Friday, May 29, 2009

SPORTS >> Rationalizations and shortcuts not answer for Daly

Leader sports editor

I’ve written this column before. In fact, this must be about the 10th incarnation of it.

It is just the latest stop in the ongoing saga known as The John Daly Re-resurrection Tour.

When we last stumbled across the immensely talented, immensely troubled Arkansas native, Daly was passed out outside a Hooter’s restaurant in North Carolina. That seems about right for John: Bad food, lots of booze and plenty of women with whom he might begin another bound-for-destruction relationship.

Daly, of course, maintained that the ‘incident’ was no incident, claiming merely that he had dozed off. And he’s right in a way.

In Daly’s World, passing out publicly at a Hooter’s barely registers a blip. After all, this is the guy whose implosions would make a demolition crew blush, who seemingly has been divorced more times than he’s been married, whose two amazing, improbable major victories are somehow eclipsed by his even more spectacular on-course misdeeds.

Listing all of the unseemly incidents Daly’s been involved in since his stunning emergence onto the golf scene with his PGA win in 1991 would use up all the space available on this page. Besides, everyone knows them. A quick summation, though, includes public drunkenness, domestic assault, alcohol rehabilitation stints, gambling debts, more drinking, divorces, separations, more divorces, hitting balls off beer cans at PGA tournaments, hitting the golf ball while it was still rolling, disqualifications, lightening quick final rounds that he was clearly just mailing in, talk of suicide, weight gains, shaking and crying during a tournament, lost endorsements, PGA Tour bans, missed cut after missed cut, near bankruptcy and more.

There must be an entire country and western album in that list.

Daly has re-emerged again of late. I saw him last week in an interview following the second round of the BMW Championship in England. Daly is currently suspended from the PGA Tour for the second time in his career. What I heard was encouraging.

He seemed earnest about his game, seemed focused, seemed to actually care.

His final two rounds were 77-75 and he finished 25 strokes off the pace. Poor finishes (Daly shot 73-71 the first two rounds) raise red flags. Daly is notorious for starting strong and, after enduring a hardship or two on the weekend, barely finishing the tournament.

Yet, that didn’t appear to be the case last weekend. You want to hope that Daly can finally get it together. You want to pull for him. He seems to be, after all, a decent fellow with a big heart.

But it’s time for him to grow up and face a few hard facts.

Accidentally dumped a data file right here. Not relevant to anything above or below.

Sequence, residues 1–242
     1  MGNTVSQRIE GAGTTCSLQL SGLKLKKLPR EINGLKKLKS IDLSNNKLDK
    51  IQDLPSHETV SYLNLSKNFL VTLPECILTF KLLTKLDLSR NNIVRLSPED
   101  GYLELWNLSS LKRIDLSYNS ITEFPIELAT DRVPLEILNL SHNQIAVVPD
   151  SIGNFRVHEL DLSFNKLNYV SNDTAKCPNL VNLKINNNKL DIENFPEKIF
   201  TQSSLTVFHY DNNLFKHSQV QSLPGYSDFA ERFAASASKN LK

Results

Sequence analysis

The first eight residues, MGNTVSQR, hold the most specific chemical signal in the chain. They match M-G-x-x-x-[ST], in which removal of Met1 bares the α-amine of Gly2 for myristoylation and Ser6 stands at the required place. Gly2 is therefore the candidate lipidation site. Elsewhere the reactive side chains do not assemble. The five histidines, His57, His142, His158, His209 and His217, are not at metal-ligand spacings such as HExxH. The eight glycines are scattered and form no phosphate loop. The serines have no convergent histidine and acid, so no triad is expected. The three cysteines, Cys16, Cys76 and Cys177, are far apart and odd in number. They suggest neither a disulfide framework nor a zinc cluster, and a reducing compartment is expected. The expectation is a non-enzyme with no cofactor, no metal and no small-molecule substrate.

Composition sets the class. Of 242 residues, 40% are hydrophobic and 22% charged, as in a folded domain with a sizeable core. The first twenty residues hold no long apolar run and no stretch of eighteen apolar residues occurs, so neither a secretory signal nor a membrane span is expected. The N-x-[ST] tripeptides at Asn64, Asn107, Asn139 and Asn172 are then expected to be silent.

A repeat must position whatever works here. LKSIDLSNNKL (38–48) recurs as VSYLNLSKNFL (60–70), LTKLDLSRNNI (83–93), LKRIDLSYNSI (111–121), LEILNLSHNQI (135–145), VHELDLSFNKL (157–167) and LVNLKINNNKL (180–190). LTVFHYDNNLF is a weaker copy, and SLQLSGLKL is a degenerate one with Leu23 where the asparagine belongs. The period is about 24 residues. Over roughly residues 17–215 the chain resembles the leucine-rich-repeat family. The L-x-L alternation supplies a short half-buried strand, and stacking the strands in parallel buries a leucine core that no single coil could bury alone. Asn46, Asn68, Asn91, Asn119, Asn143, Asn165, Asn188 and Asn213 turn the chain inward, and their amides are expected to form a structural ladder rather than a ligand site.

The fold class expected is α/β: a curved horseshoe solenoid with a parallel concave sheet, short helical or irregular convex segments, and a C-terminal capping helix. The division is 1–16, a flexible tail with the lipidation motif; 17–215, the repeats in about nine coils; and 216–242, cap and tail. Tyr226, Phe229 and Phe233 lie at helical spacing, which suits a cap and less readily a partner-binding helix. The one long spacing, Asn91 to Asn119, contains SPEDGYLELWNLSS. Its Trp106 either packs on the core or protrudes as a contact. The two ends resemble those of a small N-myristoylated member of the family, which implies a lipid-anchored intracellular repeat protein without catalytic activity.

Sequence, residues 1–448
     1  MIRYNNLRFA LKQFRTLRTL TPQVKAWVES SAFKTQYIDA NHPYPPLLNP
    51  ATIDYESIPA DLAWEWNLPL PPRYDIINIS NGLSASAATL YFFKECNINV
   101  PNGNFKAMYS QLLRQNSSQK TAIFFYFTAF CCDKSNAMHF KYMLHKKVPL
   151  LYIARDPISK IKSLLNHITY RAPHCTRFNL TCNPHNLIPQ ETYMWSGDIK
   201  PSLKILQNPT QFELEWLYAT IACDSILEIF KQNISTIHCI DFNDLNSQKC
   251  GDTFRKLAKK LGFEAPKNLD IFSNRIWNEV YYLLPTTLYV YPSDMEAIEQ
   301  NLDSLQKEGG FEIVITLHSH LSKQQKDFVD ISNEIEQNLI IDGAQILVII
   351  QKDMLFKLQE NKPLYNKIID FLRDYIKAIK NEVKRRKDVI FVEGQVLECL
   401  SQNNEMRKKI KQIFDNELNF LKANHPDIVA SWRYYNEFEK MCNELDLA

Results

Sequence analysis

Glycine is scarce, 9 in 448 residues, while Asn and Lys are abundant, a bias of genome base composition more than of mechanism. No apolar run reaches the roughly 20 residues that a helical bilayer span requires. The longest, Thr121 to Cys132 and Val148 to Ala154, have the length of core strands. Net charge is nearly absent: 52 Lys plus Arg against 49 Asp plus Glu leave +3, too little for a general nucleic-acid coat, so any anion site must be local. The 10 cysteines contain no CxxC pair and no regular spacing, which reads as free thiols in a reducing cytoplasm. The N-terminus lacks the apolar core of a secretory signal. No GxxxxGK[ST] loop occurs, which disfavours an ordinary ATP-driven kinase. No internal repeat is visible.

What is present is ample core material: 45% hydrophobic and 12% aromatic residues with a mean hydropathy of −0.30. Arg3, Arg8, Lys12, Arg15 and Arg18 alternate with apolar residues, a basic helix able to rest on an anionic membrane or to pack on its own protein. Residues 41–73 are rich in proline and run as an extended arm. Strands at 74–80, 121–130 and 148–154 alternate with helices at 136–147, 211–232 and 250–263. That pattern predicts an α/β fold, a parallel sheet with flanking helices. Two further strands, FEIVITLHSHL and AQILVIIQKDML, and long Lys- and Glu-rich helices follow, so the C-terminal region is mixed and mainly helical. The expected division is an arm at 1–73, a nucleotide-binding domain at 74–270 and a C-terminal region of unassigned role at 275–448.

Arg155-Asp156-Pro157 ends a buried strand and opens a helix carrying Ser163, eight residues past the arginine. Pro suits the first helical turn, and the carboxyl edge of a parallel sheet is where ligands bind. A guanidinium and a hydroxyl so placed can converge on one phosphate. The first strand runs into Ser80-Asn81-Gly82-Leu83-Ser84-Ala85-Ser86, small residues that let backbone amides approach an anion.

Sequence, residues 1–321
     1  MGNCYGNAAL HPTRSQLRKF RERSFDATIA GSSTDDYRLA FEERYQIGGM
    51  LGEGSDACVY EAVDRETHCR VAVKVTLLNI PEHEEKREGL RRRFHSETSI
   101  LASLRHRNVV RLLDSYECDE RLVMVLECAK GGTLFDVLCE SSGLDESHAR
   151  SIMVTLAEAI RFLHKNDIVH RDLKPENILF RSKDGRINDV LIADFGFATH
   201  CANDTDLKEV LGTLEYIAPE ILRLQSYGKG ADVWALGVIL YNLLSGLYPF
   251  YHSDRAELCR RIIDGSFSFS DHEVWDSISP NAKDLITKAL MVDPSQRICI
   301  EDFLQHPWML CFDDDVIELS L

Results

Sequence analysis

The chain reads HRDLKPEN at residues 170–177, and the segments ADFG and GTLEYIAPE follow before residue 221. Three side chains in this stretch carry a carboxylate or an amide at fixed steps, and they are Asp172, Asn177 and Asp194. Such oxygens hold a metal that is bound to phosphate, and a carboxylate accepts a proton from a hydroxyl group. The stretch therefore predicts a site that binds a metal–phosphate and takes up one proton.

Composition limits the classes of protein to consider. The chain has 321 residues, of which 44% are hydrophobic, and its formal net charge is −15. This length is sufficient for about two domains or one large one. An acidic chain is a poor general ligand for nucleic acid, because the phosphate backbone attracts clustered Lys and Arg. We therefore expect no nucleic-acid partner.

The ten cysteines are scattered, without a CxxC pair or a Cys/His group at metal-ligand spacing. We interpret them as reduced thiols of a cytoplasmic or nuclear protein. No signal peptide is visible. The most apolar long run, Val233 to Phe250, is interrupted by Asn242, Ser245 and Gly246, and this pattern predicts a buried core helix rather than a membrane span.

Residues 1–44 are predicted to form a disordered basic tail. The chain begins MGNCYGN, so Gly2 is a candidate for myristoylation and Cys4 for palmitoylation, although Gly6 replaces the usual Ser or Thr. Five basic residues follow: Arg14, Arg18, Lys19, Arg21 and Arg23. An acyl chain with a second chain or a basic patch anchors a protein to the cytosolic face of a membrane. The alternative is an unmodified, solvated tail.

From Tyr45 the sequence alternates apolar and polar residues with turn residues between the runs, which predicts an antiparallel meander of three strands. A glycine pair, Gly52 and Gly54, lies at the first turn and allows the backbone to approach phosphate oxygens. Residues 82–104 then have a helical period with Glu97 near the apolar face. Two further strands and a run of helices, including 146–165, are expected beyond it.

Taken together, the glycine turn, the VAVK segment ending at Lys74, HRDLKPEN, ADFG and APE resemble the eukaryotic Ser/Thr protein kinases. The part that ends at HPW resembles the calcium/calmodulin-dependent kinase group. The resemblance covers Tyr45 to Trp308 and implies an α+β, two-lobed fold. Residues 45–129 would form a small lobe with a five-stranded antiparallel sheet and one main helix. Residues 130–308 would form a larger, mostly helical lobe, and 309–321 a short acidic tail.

His comments in an Associated Press story earlier this week do not seem encouraging. Though the PGA doesn’t ever officially announce that a player has been suspended, it appears that the suspension has been lifted. Not everyone gets three chances and it would behoove Daly to seize this latest one.

But Daly responded to the lifting of the ban by suggesting he didn’t deserve it in the first place. This is the same mindset that allows him to rationalize his alcoholism and his other excesses.

In the story, Daly’s agent expressed cautious optimism that Big John had maybe turned the corner.

But it’s pretty clear he still doesn’t get it. The same story went on to say that Daly, who is undeniably an alcoholic, continues to drink. Pathetically and revealingly, Daly says he is not drinking as much and merely sipping rather than gulping his cocktails.

Controlled drinking is most assuredly not the solution for Daly if only for the obvious reason that alcoholics can’t control drink. Inevitably, those sips will become swallows and those swallows will once again become gulps and Daly will be found wallowing in another pool of his own self-destruction.

Short cuts are not the answer to Daly’s problems; maturity is. Just as his sipping booze demonstrates he isn’t there yet, his choice of lap band surgery to lose weight reveals him unwilling to make the necessary sacrifices to get his game and his life together.

His agent said Daly “is not taking as many short cuts” as he has in the past, but what is lap band surgery if not a short cut, an unwillingness to curb one’s appetites and, once and for all, become an adult?

Here’s keeping our fingers crossed that somehow, some way, Daly will discover the path to success and happiness, or at least just a little peace.

On the course as in his life, he might find it wise to lay up once in a while. It may not be the most thrilling choice, but it might just put him in position to land safely on the green.